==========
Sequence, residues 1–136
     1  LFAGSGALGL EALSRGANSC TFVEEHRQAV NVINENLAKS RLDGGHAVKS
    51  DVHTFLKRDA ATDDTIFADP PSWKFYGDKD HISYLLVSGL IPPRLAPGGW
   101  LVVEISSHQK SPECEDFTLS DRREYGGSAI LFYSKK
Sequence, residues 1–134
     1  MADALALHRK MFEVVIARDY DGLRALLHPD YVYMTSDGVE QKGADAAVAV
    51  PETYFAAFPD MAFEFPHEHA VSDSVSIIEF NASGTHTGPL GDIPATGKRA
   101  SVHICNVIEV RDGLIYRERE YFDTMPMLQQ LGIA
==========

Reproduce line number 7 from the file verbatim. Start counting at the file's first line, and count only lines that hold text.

    51  PETYFAAFPD MAFEFPHEHA VSDSVSIIEF NASGTHTGPL GDIPATGKRA